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Christmas Mysteries: A Sherlock Carol @MaryleboneTHLDN

A mash-up of Charles Dickens's A Christmas Carol and Arthur Conan Doyle's Sherlock Holmes would seem an unlikely pairing. Yet it provides a surprisingly fun Christmas-themed adventure. These two Victorian tales (albeit separated by about 40 years) provide the basis for an inspired adventure at Christmastime that just also happens to turn out to be a murder mystery as well. With lavish costumes, a few spooky set pieces and some good old-fashioned stage trickery with lights and a lot of smoke machines, it is hard to resist. It returns to the Marylebone Theatre for Christmas after a run there last year.  The premise is that after Holmes sees off the criminal mastermind Professor Moriarty, he is left adrift in London. People thought he was dead, and he might as well be. Disinterested in the misdeeds of other Londoners, Holmes has even given up on his friend Dr Watson. It's almost as if he has become a Scrooge. Or half a Scrooge, moping about shouting, "bah" in respon

The prince of tides: The Man Who Had All The Luck @KingsHeadThtr

As we approach the centenary of his birth, Arthur Miller’s first produced play gets a classy revival with a terrific cast at the Kings Head Theatre.

The premise of the work is that David, a mid western automobile mechanic has the Midas touch. Everything he touches turns to gold. He gets the girl he wants (against her father’s wishes), he runs a successful automobile mechanic business (after a chance encounter with another mechanic). He even opens a gas station which just by luck then has a freeway run past it. But as his family and friends struggle with their lives despite their hard work and perseverance, David struggles to enjoy his success. And as he waits for his luck to turn he slowly descends into madness.

A recurring line throughout the piece is that David’s success is just good luck and like the jellyfish he should just go where the tide takes him since at any point, like a jellyfish, he will be all washed up.

This production has assembled a terrific cast to tell the tale. As the young David, Jamie Chandler gives the character the determination and vulnerability to be credible as the man with the Midas touch. As his less-successful brother Amos, Michael Kinsey is terrific and heartbreaking towards the end of the second act when everything he has lived for as come to nothing.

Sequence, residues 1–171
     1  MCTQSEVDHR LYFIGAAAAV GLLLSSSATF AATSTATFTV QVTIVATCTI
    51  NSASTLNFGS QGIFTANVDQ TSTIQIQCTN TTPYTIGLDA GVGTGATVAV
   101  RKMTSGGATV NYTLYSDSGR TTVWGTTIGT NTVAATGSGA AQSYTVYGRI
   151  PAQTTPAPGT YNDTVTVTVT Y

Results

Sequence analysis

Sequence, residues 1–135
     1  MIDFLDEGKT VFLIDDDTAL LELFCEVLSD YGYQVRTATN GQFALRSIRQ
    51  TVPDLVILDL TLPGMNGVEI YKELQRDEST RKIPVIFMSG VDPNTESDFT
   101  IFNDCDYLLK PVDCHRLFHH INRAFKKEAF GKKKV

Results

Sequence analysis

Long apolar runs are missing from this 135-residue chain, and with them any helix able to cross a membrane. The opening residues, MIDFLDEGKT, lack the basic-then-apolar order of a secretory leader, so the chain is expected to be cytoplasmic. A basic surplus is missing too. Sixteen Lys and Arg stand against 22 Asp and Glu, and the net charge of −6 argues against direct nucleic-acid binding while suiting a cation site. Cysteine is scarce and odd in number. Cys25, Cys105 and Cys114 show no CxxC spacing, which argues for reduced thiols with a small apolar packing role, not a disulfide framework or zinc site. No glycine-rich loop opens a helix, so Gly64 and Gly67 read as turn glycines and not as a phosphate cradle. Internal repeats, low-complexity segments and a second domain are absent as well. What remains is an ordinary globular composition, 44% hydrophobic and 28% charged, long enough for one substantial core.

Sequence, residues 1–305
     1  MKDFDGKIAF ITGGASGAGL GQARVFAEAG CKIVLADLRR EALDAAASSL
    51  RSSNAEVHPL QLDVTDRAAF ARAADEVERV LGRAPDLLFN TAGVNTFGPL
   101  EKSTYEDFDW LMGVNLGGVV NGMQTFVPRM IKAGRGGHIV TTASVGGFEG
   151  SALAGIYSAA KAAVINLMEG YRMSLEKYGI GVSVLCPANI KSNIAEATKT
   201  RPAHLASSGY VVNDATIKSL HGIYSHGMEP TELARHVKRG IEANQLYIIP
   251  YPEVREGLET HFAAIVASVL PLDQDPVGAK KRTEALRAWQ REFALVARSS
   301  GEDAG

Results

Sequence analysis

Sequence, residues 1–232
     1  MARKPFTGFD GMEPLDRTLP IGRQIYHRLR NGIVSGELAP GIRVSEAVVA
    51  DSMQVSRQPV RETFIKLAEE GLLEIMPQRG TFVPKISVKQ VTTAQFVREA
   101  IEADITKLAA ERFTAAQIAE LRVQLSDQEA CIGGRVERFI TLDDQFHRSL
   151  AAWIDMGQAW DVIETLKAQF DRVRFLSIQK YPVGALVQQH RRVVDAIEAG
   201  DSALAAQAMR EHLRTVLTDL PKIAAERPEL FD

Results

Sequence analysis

Chloe Walshe as Hester, David’s wife, the sole female character in the piece holds her own amongst all the men folk.

Special mention also has to go to Peter Dineen who plays a variety of different characters that each have a significant impact on David’s life. As Hester’s father he has the audience on edge as he delivers a damning assessment of David’s character. It is also a clever device that has the audience thinking our hero is not much of a man.

When the piece premiered in 1944, it ran for only four performances and was largely forgotten. But many of the themes that Miller would explore in later works about America and freedom are there.

The piece does lose its way in the final act as it attempts (spoiler alert) to cram in madness, disaster and an illicit love affair into the closing twenty minutes. But even so, it is a terrific journey up to then. And it all ends well.. Of sorts…

Having seen many gay themed plays at the Kings Head recently, this one feels more testosterone charged than anything else produced there of late. And while cheap laughs and nudity is fine, it is also a refreshing reminder that good writing and a great cast always make for a great night out at the theatre.

Produced by End of Moving Walkway and from The Kings Head, which is one of the few small-scale unfunded theatres in the UK to pay its actors and stage managers an Equity approved rate for rehearsals and performances.

The Man Who Had All the Luck runs until 26 September. For now…


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